The poetry of Gwen Harwood #2
Poem: Father and Child: Barn Owl by Australian poet Gwen Harwood
Â Â Â Â Â Â Â Â Â Â Â I was devastated by the incident related in this poem. I am a birder (the more modern term for â€˜birdwatcherâ€™) and take every opportunity to go out and observe birds. I have written a blog about birds for over three years. This blog now numbers over 800 articles â€“ with photos â€“ about birds. I have over 600 enthusiastic readers every day from all parts of the world. I love birds. To deliberately and coldly shoot such a beautiful creature as a Barn Owl is unthinkable to me. The thought turns my stomach like the day, as a young man in the wrong company, I was urged on to shoot a kangaroo. Viewing the remains devastated me and I cannot recall having picked up a gun ever since.
Â Â Â Â Â Â Â Â Â Â Â Harwood relates a similar devastation at seeing her own horror at what she had done reflected in the birdâ€™s eyes: â€˜I saw/ those eyes that did not see/ mirror my cruelty.â€™ Her father orders her to â€˜end what you have begun,â€™ and she shoots again to finish off the bird, weeping at what had been done. It was an act of defiance on the part of an innocent child, an innocence shattered by that one gun shot at daybreak.
Â Â Â Â Â Â Â Â Â Â Â There is a sequel to this poem. It is a two part poem, the second part being called Nightfall. It relates an incident forty years later when her father is eighty, blind and near death. The solid father/child relationship forged in the barn that morning when the owl was shot is stronger than ever. Now, however, it is the father who is the innocent one: â€˜Your passionate face is grown/ to ancient innocence.â€™
Â Â Â Â Â Â Â Â Â Â Â Both poems are written in seven stanzas of six lines. Both are in iambic trimeter with a regular rhyming pattern (ababcc).
- Harwood, Gwen, 2001, Selected Poems. Penguin, Camberwell.
Whenever I need to reach some of my unwittingly desensitised students of the 21st century in my literature class I reach for Gwen Harwood’s “Barn Owl” – it never failed to leave the class in stunned reflective silence. How humbling an experience for the neophyte of poetry appreciation and analysis. That she lived is a gift to humanity.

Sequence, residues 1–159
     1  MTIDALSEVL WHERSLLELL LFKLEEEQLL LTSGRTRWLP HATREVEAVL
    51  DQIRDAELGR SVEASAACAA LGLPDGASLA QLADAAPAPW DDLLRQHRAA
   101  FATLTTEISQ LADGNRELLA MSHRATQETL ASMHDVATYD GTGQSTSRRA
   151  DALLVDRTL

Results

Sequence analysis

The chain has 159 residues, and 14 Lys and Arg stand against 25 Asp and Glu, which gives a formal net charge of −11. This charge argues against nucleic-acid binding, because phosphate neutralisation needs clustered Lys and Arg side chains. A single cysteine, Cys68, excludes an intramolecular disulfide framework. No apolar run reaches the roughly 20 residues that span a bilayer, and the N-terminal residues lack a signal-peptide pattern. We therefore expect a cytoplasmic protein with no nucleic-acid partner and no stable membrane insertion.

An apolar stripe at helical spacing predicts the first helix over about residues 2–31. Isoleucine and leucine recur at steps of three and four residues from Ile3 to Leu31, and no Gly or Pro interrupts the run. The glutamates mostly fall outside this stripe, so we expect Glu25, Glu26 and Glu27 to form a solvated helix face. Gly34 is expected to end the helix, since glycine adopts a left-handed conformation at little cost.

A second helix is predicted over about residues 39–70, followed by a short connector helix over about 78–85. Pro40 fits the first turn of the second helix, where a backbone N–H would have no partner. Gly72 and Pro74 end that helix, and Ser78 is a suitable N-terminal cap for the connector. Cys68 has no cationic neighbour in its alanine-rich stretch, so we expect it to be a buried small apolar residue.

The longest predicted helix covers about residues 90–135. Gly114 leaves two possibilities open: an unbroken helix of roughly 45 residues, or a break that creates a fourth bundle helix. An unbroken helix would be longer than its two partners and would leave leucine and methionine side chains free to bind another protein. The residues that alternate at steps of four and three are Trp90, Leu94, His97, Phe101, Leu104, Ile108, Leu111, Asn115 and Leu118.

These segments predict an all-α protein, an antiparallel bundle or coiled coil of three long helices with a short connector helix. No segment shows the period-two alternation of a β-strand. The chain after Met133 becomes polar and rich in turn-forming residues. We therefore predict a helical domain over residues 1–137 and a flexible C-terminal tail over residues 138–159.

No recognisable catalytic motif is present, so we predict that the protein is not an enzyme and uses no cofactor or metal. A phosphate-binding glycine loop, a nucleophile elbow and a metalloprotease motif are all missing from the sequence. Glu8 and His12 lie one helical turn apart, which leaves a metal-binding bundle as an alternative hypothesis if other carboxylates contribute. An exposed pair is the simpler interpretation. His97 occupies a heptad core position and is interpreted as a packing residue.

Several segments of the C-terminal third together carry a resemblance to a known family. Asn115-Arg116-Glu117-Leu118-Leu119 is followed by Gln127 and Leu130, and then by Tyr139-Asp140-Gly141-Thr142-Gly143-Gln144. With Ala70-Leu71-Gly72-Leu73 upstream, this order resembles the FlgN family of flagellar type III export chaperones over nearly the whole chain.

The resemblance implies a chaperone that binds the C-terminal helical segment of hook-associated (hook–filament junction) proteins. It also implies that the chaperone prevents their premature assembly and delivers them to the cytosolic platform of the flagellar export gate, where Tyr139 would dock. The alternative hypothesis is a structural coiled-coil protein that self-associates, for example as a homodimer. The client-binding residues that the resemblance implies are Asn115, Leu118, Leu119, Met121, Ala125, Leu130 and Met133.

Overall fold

Hi there Nalda,
Thanks for visiting my site and for leaving these insightful comments.
In my 35 year teaching career I only taught in primary school, but my daughter teaches senior high school students and she often uses the poetry of Harwood in her units of study.
I am a relatively recent convert to Harwood’s poetry and I am in awe at her skills as a poet.
Hi Trevor, you must think me some figment of the cyberspace as I have failed to respond to your reply in 2010. I must explain. One month following that entry I migrated to America and things have been in constant flux since. Also, I am not very bog literate – that’s slowly changing.
To the point – I happened on your site thismorning from here in California and was thrilled to know you are now a Gwen Harwood follower. She – you would no doubt know – lived in Tasmania for many years and much of her poety in later years was the product of her experiences in a place called Kettering where I have Harwood relatives. Her work has long been an inspiration to me.
I also note you live in Murray Bridge where I stopped off on evening in 2001) when driving from Melbourne to Adelaide to visist my neice. The weather so terrible it made driving dangerous.
So interesting to read of your journey through Gwen Harwood’s life through her poetry. The more one reads the more one is aware of her depth as a human being. Her poem Nightfall also sent many a student of mine to my desk for a tissue ( boys and girls alike – all seventeen/eighteen – her power to connect with her audience lives on).
Kind regards Nalda
I have also just noted it is exactly 1 year to the day that I first contacted you – now that is quite spooky is it not? – I am wondering if Gwen has something to do with this !